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Investigation of Deutsche Bank headquarters spills into second day

Monday, December 3, 2018

On Friday, German police investigators continued their previous day's search of the headquarters of Deutsche Bank in Frankfurt, Germany, for evidence of money laundering and other wrongdoing in connection to the group of leaked financial documents called the Panama Papers. A police spokesperson explained the roughly 170 searchers, including officers, prosecutors and tax experts, encountered such a volume of material the matter could not be concluded in one day.

The allegations are that, from 2013 onward, two employees of Deutche Bank helped clients to avoid taxes and other regulations by creating offshore companies. Bank officials announced Thursday they were cooperating with authorities but made no further comment.

The stock value of Deutsche Bank dropped roughly by half over the course of 2018. Last year, the governments of the United States and United Kingdom fined Deutsche Bank US$630 million for laundering money from Russia through its offices in Moscow and London. This fall, BaFIN, a German regulator, sent a special representative to order Detusche Bank to improve its anti-money-laundering practices and see that it did.

"Panama Papers" is an umbrella term for roughly ten million documents from Panamanian law firm Mossack Fonseca, leaked to the press in spring 2016. The documents showed fourteen banks helped wealthy clients hide billions of US dollars of wealth to avoid taxes and other regulations. British newspaper The Guardian suggested Deutsche Bank controlled roughly a third of the 1200 shell companies used to accomplish this. There were protests worldwide, several criminal prosecutions, and the leaders of the governments of Iceland and Pakistan both resigned.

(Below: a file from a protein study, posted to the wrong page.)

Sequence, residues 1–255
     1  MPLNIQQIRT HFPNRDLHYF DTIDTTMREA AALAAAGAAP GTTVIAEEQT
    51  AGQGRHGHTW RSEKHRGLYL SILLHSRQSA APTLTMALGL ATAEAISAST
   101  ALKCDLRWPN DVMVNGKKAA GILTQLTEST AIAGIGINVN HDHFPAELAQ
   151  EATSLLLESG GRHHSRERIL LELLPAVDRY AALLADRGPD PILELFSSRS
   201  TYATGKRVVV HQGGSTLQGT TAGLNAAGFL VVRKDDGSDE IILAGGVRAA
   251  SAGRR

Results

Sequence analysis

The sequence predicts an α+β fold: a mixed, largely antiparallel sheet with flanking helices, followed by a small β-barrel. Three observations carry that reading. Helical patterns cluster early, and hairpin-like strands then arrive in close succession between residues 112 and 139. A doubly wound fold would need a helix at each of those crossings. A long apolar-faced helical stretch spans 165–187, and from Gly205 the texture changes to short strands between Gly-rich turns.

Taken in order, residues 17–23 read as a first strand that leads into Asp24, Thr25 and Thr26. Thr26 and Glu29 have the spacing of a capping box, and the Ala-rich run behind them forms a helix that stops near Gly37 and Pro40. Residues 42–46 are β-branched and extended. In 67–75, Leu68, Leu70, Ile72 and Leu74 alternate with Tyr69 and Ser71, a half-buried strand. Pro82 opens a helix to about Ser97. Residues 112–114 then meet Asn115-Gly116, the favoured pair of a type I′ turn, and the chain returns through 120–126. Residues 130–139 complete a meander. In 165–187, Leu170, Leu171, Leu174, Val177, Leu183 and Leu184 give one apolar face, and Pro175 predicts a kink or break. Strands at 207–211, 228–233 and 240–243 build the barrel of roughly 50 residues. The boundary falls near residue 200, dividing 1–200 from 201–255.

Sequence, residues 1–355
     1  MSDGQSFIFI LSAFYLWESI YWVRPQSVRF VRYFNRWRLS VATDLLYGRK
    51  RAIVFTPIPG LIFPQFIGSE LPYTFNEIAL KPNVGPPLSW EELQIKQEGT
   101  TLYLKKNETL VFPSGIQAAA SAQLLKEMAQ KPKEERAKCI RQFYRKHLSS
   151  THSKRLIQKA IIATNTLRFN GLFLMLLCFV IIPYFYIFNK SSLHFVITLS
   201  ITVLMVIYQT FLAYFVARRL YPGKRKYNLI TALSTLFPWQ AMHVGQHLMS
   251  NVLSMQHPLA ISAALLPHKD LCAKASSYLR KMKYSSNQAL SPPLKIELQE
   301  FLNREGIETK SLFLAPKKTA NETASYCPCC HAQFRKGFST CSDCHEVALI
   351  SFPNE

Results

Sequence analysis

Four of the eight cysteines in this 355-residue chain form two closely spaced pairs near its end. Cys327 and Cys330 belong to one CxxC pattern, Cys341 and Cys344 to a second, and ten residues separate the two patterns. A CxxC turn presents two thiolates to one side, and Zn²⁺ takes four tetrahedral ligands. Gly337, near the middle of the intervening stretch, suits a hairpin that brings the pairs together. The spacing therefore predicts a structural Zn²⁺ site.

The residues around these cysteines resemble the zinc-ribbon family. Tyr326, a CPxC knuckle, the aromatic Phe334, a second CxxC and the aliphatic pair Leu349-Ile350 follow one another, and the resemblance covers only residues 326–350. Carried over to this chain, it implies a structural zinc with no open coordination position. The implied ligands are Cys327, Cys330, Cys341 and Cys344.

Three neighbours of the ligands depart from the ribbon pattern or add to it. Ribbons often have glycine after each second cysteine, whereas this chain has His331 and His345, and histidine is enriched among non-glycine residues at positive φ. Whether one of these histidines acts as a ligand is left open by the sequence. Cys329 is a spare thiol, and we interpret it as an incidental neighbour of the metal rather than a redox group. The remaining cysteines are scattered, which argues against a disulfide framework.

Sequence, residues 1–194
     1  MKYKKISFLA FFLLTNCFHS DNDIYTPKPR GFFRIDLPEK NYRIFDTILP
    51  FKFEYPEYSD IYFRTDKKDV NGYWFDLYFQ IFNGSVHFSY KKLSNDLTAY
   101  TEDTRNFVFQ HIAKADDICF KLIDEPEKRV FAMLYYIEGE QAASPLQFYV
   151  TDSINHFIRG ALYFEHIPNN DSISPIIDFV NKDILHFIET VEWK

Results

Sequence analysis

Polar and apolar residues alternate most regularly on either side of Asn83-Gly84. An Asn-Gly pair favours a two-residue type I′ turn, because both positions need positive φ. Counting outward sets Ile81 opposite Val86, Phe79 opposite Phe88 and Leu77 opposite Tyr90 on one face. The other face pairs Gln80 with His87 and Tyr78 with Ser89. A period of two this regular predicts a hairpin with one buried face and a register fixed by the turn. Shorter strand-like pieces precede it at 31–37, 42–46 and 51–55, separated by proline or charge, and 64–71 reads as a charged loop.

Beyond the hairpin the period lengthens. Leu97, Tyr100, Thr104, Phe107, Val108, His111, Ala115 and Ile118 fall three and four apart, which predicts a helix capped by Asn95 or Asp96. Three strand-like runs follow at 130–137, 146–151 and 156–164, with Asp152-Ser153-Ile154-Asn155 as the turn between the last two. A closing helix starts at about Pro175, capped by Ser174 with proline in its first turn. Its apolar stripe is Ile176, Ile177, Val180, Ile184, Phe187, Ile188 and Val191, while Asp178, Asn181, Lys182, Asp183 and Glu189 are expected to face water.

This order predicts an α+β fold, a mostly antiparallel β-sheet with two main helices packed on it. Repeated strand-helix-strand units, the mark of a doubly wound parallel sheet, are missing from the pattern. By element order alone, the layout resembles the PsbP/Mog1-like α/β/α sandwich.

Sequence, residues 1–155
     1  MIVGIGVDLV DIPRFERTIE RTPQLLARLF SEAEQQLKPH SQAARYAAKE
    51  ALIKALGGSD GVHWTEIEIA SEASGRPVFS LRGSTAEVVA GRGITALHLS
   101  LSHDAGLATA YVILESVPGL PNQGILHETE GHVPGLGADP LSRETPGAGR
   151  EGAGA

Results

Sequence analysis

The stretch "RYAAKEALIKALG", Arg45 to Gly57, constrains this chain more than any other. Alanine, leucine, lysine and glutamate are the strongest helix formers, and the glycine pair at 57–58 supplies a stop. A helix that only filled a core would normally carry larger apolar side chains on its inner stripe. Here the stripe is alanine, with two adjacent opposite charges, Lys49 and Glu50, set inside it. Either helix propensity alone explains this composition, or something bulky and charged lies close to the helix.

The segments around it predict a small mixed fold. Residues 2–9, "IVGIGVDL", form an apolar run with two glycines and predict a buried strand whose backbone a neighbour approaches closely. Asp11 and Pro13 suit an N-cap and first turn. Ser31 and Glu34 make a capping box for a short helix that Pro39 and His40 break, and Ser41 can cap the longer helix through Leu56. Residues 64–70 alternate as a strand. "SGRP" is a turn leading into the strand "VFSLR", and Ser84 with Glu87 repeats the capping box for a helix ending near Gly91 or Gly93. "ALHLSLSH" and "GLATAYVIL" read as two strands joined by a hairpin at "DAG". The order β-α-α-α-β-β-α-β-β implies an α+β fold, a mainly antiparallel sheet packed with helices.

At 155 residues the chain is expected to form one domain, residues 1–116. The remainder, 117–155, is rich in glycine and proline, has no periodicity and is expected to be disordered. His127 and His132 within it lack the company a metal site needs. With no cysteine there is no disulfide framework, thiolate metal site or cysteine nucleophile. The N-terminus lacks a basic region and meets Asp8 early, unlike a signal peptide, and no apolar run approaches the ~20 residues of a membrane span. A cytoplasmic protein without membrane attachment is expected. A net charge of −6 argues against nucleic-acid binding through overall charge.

Ava Lee of anti-corruption organization Global Witness said, "Almost three years on, and law enforcement are still relying on the Panama Papers for their work. It shows how investigative journalism has been at the forefront of opening the door on a morass of morally dubious — and sometimes illegal — activity by banks[.]"

Daphne Caruana Galizia, a Maltese journalist who played a prominent role in investigation based on the Panama Papers, was killed in a car bombing last year.


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